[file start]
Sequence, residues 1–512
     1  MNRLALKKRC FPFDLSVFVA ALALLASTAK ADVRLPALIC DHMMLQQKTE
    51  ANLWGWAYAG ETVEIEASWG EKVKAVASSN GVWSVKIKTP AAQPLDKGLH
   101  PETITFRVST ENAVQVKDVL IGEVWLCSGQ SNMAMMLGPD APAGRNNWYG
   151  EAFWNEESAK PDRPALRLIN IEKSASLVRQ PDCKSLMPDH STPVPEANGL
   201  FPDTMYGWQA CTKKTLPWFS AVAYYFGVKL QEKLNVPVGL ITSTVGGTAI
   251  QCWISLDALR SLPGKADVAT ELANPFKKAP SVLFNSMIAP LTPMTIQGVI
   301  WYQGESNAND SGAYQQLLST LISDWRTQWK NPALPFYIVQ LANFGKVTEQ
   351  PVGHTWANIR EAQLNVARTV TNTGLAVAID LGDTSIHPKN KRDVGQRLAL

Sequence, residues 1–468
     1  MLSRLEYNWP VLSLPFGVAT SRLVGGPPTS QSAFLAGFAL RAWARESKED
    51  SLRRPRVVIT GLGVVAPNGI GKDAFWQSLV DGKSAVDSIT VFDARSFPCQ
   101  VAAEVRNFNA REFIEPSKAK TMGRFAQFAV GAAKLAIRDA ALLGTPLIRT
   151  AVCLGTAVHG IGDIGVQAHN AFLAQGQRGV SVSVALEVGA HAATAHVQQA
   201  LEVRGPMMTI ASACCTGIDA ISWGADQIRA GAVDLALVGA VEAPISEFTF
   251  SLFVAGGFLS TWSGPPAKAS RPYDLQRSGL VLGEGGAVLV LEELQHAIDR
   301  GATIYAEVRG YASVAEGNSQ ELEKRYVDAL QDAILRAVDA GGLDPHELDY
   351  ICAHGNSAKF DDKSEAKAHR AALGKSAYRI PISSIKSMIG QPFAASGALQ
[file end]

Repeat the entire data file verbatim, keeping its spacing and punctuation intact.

Sequence, residues 1–512
     1  MNRLALKKRC FPFDLSVFVA ALALLASTAK ADVRLPALIC DHMMLQQKTE
    51  ANLWGWAYAG ETVEIEASWG EKVKAVASSN GVWSVKIKTP AAQPLDKGLH
   101  PETITFRVST ENAVQVKDVL IGEVWLCSGQ SNMAMMLGPD APAGRNNWYG
   151  EAFWNEESAK PDRPALRLIN IEKSASLVRQ PDCKSLMPDH STPVPEANGL
   201  FPDTMYGWQA CTKKTLPWFS AVAYYFGVKL QEKLNVPVGL ITSTVGGTAI
   251  QCWISLDALR SLPGKADVAT ELANPFKKAP SVLFNSMIAP LTPMTIQGVI
   301  WYQGESNAND SGAYQQLLST LISDWRTQWK NPALPFYIVQ LANFGKVTEQ
   351  PVGHTWANIR EAQLNVARTV TNTGLAVAID LGDTSIHPKN KRDVGQRLAL

Sequence, residues 1–468
     1  MLSRLEYNWP VLSLPFGVAT SRLVGGPPTS QSAFLAGFAL RAWARESKED
    51  SLRRPRVVIT GLGVVAPNGI GKDAFWQSLV DGKSAVDSIT VFDARSFPCQ
   101  VAAEVRNFNA REFIEPSKAK TMGRFAQFAV GAAKLAIRDA ALLGTPLIRT
   151  AVCLGTAVHG IGDIGVQAHN AFLAQGQRGV SVSVALEVGA HAATAHVQQA
   201  LEVRGPMMTI ASACCTGIDA ISWGADQIRA GAVDLALVGA VEAPISEFTF
   251  SLFVAGGFLS TWSGPPAKAS RPYDLQRSGL VLGEGGAVLV LEELQHAIDR
   301  GATIYAEVRG YASVAEGNSQ ELEKRYVDAL QDAILRAVDA GGLDPHELDY
   351  ICAHGNSAKF DDKSEAKAHR AALGKSAYRI PISSIKSMIG QPFAASGALQ